Is Positive Reinforcement Training Finally The Norm?
Did you have a dog growing up? Think about how your family approached training. If yours was anything like mine (or the majority of people before the 1990’s) there was probably a lot of punishment and a lot of yelling. Yes, there was always yelling.
The Dog Books I Grew Up With Loved Punishment
I’ve always loved reading, and I’ve always had a soft spot for dogs. By the time I was 13 or so I had a stack of books about dogs. From picking the perfect family dog to training 101 – they covered it all. But you know what there was no mention of? Positive reinforcement.
The book about picking the perfect dog had some peculiar tips about addressing potential puppies. In order to find the nicest one you were supposed to alpha roll them, one by one, and see which one put up the least amount of struggle. If you alpha rolled a puppy and they fussed or growled it was a sure sign that they were dominant – aka one to be avoided.
Yes, this was the norm.
Of course these books always had a chapter on house breaking, and the advice wasn’t better at all. Did you puppy pee on the carpet? Make sure you rub their nose in it before placing them outside. They need to learn that such behaviors are not acceptable.
If you had an extra stubborn pup you might need to roll up a newspaper and smack ’em a few times too while yelling “bad, bad, bad.” That’ll teach him.
I Didn’t Know What Positive Training Was Until the 90’s
I don’t remember much at all about giving treats or rewards when puppies did anything good – it was more about controlling them by being the more dominant figure. From what I could tell this just meant you were always supposed to be louder and more aggressive than your dog, then he’ll really know whose boss.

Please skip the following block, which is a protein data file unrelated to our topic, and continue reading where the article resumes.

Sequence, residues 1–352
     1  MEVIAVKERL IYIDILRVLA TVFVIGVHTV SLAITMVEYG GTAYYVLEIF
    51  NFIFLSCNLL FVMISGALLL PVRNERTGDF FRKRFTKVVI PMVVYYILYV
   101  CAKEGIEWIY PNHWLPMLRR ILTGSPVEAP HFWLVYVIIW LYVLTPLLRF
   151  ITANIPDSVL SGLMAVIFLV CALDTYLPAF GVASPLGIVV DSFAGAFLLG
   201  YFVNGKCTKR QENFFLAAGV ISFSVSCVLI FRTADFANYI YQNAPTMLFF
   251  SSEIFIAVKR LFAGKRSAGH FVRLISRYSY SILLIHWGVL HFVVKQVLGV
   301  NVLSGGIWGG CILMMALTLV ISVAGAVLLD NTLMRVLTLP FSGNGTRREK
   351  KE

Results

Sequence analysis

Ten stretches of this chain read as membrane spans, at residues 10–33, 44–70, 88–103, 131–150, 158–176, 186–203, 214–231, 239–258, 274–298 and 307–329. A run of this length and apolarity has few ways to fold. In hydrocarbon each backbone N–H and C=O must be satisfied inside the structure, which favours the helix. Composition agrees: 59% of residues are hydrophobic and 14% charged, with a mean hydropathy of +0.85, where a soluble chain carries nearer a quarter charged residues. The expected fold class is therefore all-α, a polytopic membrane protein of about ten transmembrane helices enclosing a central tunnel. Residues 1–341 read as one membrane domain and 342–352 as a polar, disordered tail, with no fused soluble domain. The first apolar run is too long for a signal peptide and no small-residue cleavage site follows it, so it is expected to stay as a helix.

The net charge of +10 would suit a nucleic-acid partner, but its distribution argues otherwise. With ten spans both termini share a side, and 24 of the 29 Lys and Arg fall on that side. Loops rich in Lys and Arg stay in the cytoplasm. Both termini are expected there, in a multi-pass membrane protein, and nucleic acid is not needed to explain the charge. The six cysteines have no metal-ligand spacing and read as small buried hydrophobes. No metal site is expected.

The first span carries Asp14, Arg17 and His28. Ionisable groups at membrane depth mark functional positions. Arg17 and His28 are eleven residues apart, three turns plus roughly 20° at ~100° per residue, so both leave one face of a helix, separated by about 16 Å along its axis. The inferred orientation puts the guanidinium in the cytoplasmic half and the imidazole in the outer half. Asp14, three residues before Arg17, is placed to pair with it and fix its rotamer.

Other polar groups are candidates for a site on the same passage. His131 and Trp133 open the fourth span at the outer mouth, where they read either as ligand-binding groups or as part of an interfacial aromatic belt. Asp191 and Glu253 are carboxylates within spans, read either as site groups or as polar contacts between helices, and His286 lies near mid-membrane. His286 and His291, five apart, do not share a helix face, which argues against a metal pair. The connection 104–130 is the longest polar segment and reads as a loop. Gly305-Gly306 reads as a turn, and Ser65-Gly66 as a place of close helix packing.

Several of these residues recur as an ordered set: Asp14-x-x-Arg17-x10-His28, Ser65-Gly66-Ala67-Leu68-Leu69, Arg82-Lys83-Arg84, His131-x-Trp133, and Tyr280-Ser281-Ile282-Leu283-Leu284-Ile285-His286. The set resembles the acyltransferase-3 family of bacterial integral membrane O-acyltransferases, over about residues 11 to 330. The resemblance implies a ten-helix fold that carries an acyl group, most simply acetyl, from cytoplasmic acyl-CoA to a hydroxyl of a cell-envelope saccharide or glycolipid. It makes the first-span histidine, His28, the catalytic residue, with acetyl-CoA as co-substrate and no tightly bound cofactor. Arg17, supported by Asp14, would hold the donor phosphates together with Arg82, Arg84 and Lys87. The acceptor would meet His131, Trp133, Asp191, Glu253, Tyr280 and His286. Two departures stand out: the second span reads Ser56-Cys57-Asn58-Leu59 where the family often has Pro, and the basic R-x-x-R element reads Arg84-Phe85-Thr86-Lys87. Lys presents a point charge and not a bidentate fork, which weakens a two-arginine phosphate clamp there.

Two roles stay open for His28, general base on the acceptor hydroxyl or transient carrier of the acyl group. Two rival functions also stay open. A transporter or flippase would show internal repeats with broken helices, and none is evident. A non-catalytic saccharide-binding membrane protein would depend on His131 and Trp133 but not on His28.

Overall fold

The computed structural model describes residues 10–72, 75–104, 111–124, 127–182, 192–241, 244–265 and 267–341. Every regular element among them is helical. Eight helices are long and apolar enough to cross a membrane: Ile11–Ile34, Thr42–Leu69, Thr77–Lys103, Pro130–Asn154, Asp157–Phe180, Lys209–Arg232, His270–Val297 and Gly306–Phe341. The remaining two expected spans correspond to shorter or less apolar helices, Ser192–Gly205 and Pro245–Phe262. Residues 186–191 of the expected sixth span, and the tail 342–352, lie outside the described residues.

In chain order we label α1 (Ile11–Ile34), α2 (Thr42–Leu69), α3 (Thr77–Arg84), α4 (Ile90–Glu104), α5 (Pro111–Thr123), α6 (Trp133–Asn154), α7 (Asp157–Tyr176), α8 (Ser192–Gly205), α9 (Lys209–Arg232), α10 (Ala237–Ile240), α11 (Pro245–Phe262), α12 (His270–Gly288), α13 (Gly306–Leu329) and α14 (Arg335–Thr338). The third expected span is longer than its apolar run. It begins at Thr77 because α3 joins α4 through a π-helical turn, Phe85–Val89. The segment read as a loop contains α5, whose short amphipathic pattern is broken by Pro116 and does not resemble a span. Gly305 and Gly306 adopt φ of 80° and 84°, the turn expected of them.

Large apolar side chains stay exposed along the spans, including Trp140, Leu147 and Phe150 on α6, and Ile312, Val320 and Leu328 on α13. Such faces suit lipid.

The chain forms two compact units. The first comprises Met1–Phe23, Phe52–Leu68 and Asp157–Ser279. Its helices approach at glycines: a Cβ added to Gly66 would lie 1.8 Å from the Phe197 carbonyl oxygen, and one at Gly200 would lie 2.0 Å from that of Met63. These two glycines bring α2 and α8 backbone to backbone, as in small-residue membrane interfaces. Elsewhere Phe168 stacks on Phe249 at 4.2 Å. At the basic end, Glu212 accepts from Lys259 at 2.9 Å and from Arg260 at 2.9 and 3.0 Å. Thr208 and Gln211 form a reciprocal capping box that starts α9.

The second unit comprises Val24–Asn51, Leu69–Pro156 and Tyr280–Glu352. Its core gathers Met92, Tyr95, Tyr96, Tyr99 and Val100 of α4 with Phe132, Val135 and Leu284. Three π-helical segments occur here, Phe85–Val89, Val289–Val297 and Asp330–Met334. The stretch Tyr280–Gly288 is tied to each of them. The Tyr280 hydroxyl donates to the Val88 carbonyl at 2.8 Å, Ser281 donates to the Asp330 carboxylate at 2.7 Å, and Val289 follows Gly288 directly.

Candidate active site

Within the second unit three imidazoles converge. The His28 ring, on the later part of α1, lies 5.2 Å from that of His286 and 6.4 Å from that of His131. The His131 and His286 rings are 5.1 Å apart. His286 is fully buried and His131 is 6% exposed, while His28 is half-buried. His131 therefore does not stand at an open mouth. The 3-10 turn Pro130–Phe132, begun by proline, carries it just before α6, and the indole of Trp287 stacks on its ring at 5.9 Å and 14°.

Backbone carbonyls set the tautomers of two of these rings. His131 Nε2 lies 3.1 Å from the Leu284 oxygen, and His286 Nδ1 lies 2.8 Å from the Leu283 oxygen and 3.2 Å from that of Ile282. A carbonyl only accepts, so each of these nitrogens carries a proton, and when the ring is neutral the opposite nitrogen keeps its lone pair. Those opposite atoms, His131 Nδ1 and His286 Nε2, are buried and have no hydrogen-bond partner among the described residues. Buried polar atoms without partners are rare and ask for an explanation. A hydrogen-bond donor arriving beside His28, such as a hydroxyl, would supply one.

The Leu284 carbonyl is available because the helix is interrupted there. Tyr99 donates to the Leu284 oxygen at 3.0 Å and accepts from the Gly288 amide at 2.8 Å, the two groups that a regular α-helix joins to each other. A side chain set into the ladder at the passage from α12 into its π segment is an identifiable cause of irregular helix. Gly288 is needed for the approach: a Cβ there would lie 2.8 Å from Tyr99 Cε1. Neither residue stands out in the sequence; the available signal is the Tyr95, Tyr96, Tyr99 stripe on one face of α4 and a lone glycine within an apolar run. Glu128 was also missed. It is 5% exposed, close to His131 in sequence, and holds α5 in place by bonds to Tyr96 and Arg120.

By the late 90’s the internet was getting quite popular, and I was grateful to find some new ideas when it came to dog training. When it was time to potty train my dog Carter I had read about the importance of paying attention, not just focusing on waiting for them to make a mistake.
I’d let him out once an hour and praise like crazy when he did his duty. After a couple days he was 95% potty trained. It was as simple as that. Let the dog know what you’d like them to do by making it a celebration. Who knew?
Then came the Dog Whisperer onto TV screens everywhere who was reinforcing a lot of those older dominance theories. Although he became quite popular, I found myself disagreeing with what I was seeing him do on TV so the more exposed I became to people like Ian Dunbar and Karen Pryor.
We’re Not There Yet, But We’ve Come A Long Way
Sure, there’s still more progress to be made when it comes to animal welfare, but I believe the popularity of positive reinforcement over the past 15 years is a great start. With science behind us we no longer have to sit back and accept those old norms. We can point out that there’s more than one way to train a dog, and share our own experiences with positive training methods.
We’re all part of this push forward, whether we realize it or not. Think back to what advice you’d get 20, 15, or 10 years ago when it comes to potty training a dog. It’s changed, we’ve changed, and our dogs are no longer getting their noses rubbed in pee.
Why Did Positive Training Take So Long To Catch On?
Looking back I keep wondering – what the hell took us so long to catch on? How were we able to rub a dogs nose into the ground as they cried thinking to ourselves “Yep, this’ll teach him.”
Maybe it’s because it was the norm. Maybe it was because we overvalued punishment techniques. Maybe it was because we didn’t know any better. Whatever the reason I’m glad it’s no longer the norm. Our dogs deserve better, and luckily many of us have finally caught on.
Big thank yous to all the positive reinforcement pioneers, those that took it from the sidelines and got it out into the mainstream. Ian Dunbar, Karen Pryor, Patricia Mcconnell, Victoria Stilwell and Emily Larlham to name a few.
And to all of my fellow dog bloggers who are helping to prove how well positive training works. Thank you, and if your dogs could talk human I know they’d be giving their biggest thanks as well.
Do You Think Positive Reinforcement Training Is The Norm?
Am I being too optimistic here? From what I can tell positive training methods are everywhere – but then again we all tend to live in our own little box. Maybe there’s a lot more punishment going on that I’m aware of.
For me at least, and many of my blogging friends, positive training is the new norm, and I’m grateful.